Daryl Ilbury

Posts Tagged ‘readers’

A science journalist comes ‘out’…as it were

In Eish!, Fools, Politics, Science on July 13, 2012 at 1:02 pm

Sometimes science comes without a warning

“Hi, my name is Daryl, and I’m a science journalist.”

There you go, I’ve said it. I’ve come ‘out’ as it were. I admit that for many years my life has been something of a lie. I have been writing about science whilst posing as an op-ed columnist writing on socio-political issues. In fact I doubt very much if I would be able to write for most of the titles that I do if I pitched myself as a ‘science journalist’. But I am not entirely to blame for my subterfuge.

OK, this may all sound a little dramatic, but there’s a remarkable, albeit concerning, sliver of truth for my reluctance to brazenly announce my orientation. You see, for many years I have been operating under the rather bizarre belief, instilled in me by legions of editors, that readers don’t want to read about science.

However, as person who was schooled in the sciences, social sciences and humanities, I am acutely aware that such a belief is false. Readers are interested in science, they just don’t know it.

For the last nine years I have been covering issues around science without my editors and readers actually knowing it, and my columns have earned me both praise from my editors and respect from readers; but more importantly they have encouraged debate. In fact my most appreciated reward has been learning that a number of my articles have been included in school English and History exams to encourage creative writing and political argument.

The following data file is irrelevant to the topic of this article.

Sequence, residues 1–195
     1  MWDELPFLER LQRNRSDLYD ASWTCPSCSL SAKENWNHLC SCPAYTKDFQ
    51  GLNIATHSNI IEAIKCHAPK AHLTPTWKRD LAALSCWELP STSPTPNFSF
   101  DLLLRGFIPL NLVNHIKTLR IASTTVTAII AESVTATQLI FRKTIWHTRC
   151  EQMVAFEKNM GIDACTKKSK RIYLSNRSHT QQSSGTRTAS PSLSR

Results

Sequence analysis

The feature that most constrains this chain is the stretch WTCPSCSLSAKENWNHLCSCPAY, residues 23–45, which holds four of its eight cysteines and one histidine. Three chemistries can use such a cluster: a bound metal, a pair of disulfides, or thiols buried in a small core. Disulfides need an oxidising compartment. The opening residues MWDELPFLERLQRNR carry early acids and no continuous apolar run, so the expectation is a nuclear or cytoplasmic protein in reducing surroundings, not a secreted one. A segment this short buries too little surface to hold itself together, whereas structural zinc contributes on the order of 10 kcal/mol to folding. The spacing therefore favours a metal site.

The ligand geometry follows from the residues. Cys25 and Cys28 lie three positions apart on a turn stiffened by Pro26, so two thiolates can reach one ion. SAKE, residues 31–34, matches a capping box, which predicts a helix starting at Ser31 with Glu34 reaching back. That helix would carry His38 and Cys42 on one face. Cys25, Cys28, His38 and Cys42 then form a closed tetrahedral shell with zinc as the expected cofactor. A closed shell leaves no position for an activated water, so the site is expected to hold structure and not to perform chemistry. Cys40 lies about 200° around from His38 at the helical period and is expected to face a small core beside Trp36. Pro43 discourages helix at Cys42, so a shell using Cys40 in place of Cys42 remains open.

But this is not a blog entry to fish for compliments, it’s to prove a point: to write about science, you don’t have to ‘write about science’.

There is a popular belief that ‘science is what scientists do‘. Although the statement is correct, it is not solely correct. Science is something we also consume and it is something that we are; so the secret to writing about science is to reconsider how it is presented and how it is framed.

Example: In April 2005 I wrote a piece that sparked a lot of column space on the letters page of The Star about the seeming futility of prayer (millions of people had prayed for pope John Paul II to get better, but he still died). However, I used it as an opportunity to suggest the psychological benefits of the act of praying.

In July 2006 I wrote in my column in the Saturday Star about the influence of the introduction of the iPod on radio. On the face of it, it was an article about the iPod, and how it would affect the radio industry (in which I was employed at the time). In retrospect it now seems quite prescient; but in fact it was simply an understanding of how advances in science and technology can radically alter consumer behaviour.

Around Valentine’s Day in 2009 I played party-pooper and scientifically corrected the public notion that it’s possible to love someone ‘with all their heart’.

I took a chance with this one in April 2011 where I espoused the virtues of science writers. That must have raised a few eyebrows!

And in February this year in my column in the Tribune I took the reader into the realm of conversion disorder – a psychiatric disorder – whilst masquerading it as a piece on the challenges of bringing up teenage daughters. Sneaky!

You don’t have to write under the banner of ‘science journalist’ to be a science journalist. You just have to hide in the closet and every now and then pop your head out and go “boo!”